B.C.’s wood product manufacturers are working together to share their experiences and find industry-wide solutions for preventing combustible dust fires.
At 3 a.m. on May 11, 2020, a fire broke out in the dryer system at a pellet mill in Lavington, B.C. Thankfully, the mill’s fire suppression system activated, no one was injured, and damage was minimal in this potentially catastrophic incident. (Read more in this article in globalnews.ca.)
During the past year in B.C., there have been multiple fires at facilities that process wood products. Recently, I spoke with Mike Tasker, a WorkSafeBC safety officer, who does process safety debriefs with employers after such incidents.
“We go through the causes of an incident, what they’ve learned about it, and what we need to communicate more broadly to the overall industry,” Mike says, adding that employers with recent incidents are meeting to share their experiences.
“During the last few years, we’ve managed to build relationships between wood products companies. In the past, everybody kind of kept their gates closed. Now because everybody sees that they have a part in this catastrophic risk, they’re willing to come to the table to talk about their events. They want to educate others and work collaboratively towards industry-wide solutions.”
Combustible dust management program a must
Employers are required to develop and implement a combustible dust management program. (Read more on WorkSafeBC’s Combustible dust page.) Mike, who has inspected many mills in the past several years, says the industry has made tremendous progress, but still has work to do.
He says mills have done a good job dealing with dust that accumulates on hard-to-see places like trusses and horizontal beams of ceilings. All it takes is for one event to disturb the dust and create a dust cloud that can ignite and lead to a serious fire. (Read more about this type of fire in my post Equipping industry to combat combustible dust.)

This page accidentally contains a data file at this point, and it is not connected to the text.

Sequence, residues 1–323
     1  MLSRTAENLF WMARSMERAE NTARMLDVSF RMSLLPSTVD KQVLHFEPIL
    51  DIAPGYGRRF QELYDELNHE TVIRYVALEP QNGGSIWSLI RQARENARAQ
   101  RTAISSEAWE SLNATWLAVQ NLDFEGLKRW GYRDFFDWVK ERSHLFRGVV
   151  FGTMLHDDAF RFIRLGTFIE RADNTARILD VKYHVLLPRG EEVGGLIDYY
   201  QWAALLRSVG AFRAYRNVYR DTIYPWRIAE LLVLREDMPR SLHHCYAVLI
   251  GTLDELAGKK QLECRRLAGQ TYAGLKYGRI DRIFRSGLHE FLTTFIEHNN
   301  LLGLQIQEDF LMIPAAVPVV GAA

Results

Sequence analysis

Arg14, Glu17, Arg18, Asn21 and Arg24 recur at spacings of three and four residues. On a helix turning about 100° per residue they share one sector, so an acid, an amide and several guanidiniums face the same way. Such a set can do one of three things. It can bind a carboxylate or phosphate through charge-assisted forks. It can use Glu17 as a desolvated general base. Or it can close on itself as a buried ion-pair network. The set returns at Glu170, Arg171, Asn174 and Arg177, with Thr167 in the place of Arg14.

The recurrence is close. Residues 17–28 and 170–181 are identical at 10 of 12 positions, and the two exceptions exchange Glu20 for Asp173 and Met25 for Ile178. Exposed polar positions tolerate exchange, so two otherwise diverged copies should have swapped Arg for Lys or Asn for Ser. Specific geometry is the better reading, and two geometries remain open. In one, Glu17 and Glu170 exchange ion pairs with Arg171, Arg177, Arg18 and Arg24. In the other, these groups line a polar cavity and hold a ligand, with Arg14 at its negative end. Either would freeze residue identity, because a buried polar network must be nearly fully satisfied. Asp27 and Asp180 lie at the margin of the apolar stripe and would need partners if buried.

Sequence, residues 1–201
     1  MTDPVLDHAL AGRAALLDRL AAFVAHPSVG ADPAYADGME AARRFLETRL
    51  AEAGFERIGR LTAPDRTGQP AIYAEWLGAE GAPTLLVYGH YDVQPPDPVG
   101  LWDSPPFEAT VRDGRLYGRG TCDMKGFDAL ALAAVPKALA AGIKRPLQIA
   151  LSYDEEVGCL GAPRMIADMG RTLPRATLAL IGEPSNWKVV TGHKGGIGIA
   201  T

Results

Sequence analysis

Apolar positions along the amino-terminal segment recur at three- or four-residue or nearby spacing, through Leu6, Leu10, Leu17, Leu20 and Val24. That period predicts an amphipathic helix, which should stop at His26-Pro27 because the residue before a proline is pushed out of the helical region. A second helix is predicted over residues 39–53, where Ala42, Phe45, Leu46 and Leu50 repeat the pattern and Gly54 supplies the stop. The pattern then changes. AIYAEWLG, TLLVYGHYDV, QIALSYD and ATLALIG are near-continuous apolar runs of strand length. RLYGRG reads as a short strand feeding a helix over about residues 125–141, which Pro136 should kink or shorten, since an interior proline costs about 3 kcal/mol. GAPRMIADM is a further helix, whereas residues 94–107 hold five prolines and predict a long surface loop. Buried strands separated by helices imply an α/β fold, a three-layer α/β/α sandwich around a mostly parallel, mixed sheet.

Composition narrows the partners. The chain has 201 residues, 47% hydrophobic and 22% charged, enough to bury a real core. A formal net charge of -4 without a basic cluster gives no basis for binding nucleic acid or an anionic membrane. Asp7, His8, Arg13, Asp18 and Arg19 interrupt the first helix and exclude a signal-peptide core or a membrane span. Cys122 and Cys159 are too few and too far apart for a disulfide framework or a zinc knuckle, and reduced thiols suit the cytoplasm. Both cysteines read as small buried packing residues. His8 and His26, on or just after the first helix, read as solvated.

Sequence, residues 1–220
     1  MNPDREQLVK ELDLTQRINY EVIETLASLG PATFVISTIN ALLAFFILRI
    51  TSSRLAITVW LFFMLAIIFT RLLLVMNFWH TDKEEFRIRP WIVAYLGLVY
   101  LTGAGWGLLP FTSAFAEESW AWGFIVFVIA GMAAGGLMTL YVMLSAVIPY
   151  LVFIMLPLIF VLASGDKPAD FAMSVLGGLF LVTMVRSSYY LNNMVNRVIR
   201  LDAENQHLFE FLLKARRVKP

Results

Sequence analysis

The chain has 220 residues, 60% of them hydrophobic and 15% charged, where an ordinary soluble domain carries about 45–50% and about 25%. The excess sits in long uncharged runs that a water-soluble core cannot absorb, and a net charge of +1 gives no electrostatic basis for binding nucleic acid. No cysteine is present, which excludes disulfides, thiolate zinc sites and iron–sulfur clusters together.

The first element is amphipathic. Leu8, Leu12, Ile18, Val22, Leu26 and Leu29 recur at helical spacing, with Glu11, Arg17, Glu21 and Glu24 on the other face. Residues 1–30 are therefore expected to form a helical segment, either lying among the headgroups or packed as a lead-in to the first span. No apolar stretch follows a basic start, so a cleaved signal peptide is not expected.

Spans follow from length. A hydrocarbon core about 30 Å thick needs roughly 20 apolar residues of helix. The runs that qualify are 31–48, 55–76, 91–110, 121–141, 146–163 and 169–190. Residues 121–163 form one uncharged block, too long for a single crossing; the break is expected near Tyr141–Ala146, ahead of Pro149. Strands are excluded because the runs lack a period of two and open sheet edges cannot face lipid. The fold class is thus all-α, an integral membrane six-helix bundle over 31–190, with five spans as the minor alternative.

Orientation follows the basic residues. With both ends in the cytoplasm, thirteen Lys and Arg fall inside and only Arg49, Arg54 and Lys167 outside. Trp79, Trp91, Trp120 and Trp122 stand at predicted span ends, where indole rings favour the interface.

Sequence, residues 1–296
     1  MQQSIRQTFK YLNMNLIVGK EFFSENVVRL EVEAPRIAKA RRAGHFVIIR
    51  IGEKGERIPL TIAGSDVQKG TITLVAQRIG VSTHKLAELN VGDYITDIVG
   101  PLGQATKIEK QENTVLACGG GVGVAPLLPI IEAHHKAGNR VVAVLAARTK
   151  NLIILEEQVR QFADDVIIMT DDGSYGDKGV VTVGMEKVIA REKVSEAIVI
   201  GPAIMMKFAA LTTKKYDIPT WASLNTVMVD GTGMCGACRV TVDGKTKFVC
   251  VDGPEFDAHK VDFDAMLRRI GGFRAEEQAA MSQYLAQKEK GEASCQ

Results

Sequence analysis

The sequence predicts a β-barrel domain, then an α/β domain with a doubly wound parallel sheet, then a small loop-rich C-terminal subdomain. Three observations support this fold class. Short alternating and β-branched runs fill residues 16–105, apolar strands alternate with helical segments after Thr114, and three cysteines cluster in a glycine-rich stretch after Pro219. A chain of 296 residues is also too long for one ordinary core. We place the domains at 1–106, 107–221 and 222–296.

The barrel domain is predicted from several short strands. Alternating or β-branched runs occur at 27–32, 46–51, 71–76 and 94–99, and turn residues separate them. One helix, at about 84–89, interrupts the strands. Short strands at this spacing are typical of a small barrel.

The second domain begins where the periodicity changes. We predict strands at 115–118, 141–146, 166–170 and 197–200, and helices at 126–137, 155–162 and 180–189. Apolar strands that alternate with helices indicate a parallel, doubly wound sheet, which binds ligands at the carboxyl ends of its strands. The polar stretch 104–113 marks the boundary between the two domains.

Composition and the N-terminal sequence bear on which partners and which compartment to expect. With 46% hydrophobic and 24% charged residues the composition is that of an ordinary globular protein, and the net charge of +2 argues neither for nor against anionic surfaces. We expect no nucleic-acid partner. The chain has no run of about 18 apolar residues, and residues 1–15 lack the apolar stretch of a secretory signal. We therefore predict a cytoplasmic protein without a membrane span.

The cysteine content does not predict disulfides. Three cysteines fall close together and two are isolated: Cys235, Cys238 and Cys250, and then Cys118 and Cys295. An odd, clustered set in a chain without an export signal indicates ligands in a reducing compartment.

“The mills themselves are much cleaner than ever before within the sector,” Mike says, describing how recent fires are no longer due to dust that shakes down from the rafters. Instead, fires are happening within a piece of equipment or a duct, and are started by a hard object, like a rock, causing an ignition or spark after it has found its way into the system.
Jose Barranco, a manufacturing consultation and education services manager with WorkSafeBC, says employers need to assess the risk of every process that handles combustible dust. He says: “We are supplying support for employers so we can share what we’ve learned and stay ahead of the game.”
For more information, see Risk assessment: The first step to controlling combustible dust hazards, published during Dust Safety Week 2020 in June. #DustSafetyWeek
Thanks to Mike and Jose for speaking of safety with me.